Tips on How to Properly Hold a Digital Camera
People who are new to digital photography are likely to always take pictures holding the camera the same way, which is laterally. Shots done this way are called landscape shots and they are fine for some subjects but often it is better to turn the camera and use a portrait shot. If you are new to digital photography, holding the camera the right way may be something you do not understand. Many photographers change the way they are holding the camera in digital photography to create unique photographs. You should experiment with the way you hold the camera. That said, you should stick to the landscape and portrait methods of holding the camera if you are new to digital photography. The right orientation for your digital camera for a specific shot is going to depend on what position the subject is in and if they are moving.
The basic principle of photography is to focus on your subject and avoid as much as possible other details in the photograph so there is no distraction from the subject. In some cases, you can avoid these distractions by holding the camera differently so you do not have to get closer to the subject or edit the photograph later on. For subjects who are standing up, you want to use a portrait orientation most of the time. That way, you do not get distracting items in the photograph on the sides of the subject. If a subject is sitting or lying down, you will want to change the orientation to landscape to avoid distractions from the top and bottom of the subject.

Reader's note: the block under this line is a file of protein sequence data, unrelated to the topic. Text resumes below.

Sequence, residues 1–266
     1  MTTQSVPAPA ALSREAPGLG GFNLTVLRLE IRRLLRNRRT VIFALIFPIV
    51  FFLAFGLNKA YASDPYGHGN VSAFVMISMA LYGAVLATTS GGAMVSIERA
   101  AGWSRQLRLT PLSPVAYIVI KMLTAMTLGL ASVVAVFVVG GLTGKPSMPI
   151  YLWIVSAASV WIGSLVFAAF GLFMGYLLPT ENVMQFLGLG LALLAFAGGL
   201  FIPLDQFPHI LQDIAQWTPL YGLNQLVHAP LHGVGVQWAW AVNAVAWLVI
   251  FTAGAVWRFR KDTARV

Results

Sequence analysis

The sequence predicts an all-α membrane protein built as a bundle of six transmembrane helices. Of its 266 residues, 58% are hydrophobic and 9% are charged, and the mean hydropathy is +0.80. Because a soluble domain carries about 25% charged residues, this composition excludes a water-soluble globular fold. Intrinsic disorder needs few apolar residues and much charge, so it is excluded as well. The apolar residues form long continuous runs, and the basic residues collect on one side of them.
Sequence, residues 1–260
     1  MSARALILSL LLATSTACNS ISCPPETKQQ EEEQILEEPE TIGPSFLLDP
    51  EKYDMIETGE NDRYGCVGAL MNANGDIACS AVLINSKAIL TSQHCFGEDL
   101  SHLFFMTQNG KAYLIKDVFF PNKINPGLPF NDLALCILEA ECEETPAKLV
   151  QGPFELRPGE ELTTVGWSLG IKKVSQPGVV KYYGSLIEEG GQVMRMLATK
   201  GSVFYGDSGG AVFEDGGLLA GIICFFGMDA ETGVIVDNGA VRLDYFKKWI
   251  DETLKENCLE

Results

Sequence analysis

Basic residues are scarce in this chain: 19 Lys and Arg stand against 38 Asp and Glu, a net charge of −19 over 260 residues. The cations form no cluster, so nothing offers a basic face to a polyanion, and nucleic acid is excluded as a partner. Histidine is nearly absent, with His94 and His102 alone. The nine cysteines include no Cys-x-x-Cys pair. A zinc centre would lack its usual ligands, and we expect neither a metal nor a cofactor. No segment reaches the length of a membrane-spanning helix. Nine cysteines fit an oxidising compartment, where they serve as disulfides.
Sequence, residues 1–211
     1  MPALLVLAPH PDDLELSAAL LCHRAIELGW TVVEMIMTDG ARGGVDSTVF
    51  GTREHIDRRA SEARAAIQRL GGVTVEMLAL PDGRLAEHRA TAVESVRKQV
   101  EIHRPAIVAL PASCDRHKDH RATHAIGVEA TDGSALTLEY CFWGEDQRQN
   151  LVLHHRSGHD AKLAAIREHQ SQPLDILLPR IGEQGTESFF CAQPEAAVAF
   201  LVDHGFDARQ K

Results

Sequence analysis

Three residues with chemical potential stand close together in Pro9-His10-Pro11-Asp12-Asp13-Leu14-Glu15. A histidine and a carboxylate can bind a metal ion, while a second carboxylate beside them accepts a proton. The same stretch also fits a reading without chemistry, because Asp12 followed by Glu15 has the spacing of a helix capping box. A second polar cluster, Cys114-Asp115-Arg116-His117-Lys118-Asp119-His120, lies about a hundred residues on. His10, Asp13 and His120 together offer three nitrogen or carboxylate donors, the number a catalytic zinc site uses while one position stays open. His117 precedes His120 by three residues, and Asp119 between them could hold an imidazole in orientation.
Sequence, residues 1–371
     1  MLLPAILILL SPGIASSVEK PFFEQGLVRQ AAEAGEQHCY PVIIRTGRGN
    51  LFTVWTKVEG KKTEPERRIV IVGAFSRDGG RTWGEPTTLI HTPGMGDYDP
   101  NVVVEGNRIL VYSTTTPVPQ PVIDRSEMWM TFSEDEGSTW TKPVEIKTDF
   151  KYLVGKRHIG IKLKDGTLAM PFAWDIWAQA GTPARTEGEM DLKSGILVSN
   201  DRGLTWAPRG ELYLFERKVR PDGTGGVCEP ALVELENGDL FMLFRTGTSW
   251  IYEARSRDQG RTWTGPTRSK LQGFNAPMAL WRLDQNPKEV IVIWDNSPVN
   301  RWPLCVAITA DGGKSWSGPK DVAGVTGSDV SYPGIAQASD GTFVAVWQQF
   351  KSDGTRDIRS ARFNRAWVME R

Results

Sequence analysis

When you are taking photographs in nature, you need to consider the orientation as well. A tree, for example, on its own is best photographed using a portrait orientation so nothing else takes away from the subject. A mountain scene, a field or a covered bridge is better photographed using the landscape orientation, however. You also have to take into account how a subject is moving if you are photographing an active subject. A subject moving left to right should be photographed with a landscape orientation. A subject moving up and down is best photographed using a portrait orientation.
Let’s say you are photographing an animal that is moving along a path in the park and you want to capture the feeling that the subject is moving off towards the horizon. In this case, you will need to use a portrait orientation to capture the movement. You can also use a landscape orientation if you want the animal to appear to be moving horizontally down the path. In this situation, you have to consider the way the subject is moving, as well as what you are trying to capture, when deciding on the photo’s orientation.
Rules are meant to be broken and the same is true for rules about holding a camera during digital photography. If you get used to holding the camera the right way, you can then move on to being creative and taking chances when photographing your subjects.